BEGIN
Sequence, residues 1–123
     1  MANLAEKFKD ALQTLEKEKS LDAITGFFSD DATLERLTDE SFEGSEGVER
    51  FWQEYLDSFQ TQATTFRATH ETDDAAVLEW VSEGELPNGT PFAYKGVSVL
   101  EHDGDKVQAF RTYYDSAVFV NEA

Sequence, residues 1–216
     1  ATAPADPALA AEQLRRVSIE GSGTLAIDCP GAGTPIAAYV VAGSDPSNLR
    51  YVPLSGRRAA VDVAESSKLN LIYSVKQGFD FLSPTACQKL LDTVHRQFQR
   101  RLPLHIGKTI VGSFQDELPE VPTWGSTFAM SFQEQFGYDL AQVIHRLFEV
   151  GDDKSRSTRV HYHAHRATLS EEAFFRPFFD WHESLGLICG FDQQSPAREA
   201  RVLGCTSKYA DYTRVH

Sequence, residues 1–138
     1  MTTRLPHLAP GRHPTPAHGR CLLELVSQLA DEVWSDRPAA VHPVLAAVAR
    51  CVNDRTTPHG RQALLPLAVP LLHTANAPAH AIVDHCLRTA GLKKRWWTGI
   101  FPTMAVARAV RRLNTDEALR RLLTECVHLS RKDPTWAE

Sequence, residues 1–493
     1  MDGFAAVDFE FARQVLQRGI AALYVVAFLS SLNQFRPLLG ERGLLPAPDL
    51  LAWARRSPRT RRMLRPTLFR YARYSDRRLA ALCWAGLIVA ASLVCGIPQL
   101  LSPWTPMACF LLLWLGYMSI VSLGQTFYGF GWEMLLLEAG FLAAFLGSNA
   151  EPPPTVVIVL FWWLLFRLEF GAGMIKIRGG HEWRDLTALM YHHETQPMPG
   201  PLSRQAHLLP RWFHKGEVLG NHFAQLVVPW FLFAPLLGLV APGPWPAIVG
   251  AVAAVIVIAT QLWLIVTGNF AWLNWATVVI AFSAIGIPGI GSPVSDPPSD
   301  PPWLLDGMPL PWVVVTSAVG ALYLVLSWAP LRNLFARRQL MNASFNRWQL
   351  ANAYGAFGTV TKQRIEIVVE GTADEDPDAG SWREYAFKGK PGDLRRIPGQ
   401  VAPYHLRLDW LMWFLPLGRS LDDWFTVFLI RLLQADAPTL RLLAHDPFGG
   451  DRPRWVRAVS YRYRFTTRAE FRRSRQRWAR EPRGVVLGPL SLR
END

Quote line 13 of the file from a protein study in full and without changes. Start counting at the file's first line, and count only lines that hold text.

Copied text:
    51  CVNDRTTPHG RQALLPLAVP LLHTANAPAH AIVDHCLRTA GLKKRWWTGI